"We don't need no education...
We don't need no thought control."

FLASHPOINT! School destruction...Who hasn't wanted to do this? Into the modern day again, Pink calls someone...Someone he dreams of...His wife (David).

"Mother, do you think they'll drop the bomb?"

His wife appears both in his youth and his modernity. Young Pink grows up and marries. It becomes almost Oedipal, as Pink wants his wife to give him the love he never got from his Mom. It doesn't happen and they drift apart. Pink travels the world with his manager (Hoskins) while his wife goes to peace rallies and eventually seeks the warmth of a lover (James Hazeldine). In another animated sequence, flowers cross-pollinate, eventually gaining a death-like appearance.

Death...Death becomes destruction, becomes sex, becomes violence, becomes THE WALL. The protective cocoon of a rock star, The Wall insulates a musician from the outside world. The Wall is full of yes-men, dealers and pimps who will serve your every purpose. The Wall will prevent you from seeing who you truly are.

Glass breaks in a robbery attempt seemingly unrelated to the plot, yet it makes sense. The chaos on the outside is like the chaos on Pink's insides...bleak and disturbing as his father's death. Gears switched again, we see Pink enjoying the rocker's life. Women, cars, champagne, rocket fuel...Happy Days, or are they? A groupie (Wright) comes to Pink's room. She looks around as he watches a war movie. She wants to help him, but he's zoning. She tries arousing him, but there's no hope in sight.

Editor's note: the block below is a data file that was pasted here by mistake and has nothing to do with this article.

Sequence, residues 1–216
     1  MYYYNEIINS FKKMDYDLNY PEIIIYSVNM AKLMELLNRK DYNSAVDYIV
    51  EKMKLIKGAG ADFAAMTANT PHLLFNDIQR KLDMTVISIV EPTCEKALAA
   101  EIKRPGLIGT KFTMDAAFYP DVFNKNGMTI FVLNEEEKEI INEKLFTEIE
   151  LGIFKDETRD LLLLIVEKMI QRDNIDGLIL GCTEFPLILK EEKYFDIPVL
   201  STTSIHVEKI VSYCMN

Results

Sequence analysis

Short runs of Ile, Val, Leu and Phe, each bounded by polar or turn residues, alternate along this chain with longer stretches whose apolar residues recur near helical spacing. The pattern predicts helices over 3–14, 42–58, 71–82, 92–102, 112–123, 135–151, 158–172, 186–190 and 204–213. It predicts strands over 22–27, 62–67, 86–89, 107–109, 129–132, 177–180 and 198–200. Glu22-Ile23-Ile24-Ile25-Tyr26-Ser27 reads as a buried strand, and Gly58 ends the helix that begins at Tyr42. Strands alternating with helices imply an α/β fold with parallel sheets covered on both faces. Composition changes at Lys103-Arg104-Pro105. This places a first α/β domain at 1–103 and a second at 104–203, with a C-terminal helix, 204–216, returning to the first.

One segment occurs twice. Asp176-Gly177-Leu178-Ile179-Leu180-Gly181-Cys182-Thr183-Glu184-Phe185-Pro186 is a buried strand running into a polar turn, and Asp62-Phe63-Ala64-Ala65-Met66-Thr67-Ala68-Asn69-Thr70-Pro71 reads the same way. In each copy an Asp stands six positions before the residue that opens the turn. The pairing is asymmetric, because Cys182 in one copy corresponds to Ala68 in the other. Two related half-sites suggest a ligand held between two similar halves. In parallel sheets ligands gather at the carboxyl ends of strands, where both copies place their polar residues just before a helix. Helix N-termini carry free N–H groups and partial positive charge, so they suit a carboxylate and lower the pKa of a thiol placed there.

All of a sudden, Pink snaps and destruction reigns again. TVs are kicked in. Tables are upturned. Food is thrown. Paintings are wrecked. Shutters are pulled off their rods. Glass breaks. Pink's hand is cut. In the aftermath, Pink floats between reality and fantasy. Floating and bleeding, he sees his wife cheating. The blurring furthers as his wife becomes an animated demon. In sudden cuts, everything we previously saw becomes the same. Sex...Death...Music...School...Riches.

"You were all just bricks in the wall."

Now Pink stands at The Wall, yearning to break free. He's trapped, though and the end is near. As a final message to the world, he turns the wrecked room into a Pop Art suicide note. Covering his chest in shaving cream, he cuts up, then down. Bloodying his chest, he now goes for a newly installed TV. As he begins his mental death march, he punches at the remote control the same way he punched at the telephone. Neither worked...Nothing works in Pink's life.

Now, he's alternating past and present, wandering a wind-swept landscape. The bunker his father died in becomes a room full of beds. Young Pink then finds a crazed man with a book of poems. Wandering further, he finds dead soldiers. Finally, young Pink stares at old Pink and walks away, seemingly ashamed of what he's become. Now the soldiers are returning home, yet young Pink is still bereft of love. He foolishly looks for his father, but doesn't find him. As everybody around him sings for the soldiers, young Pink finds a TV. We fade to the modern day. Pink's manager and crew find him and try to rescue him, but it's too late.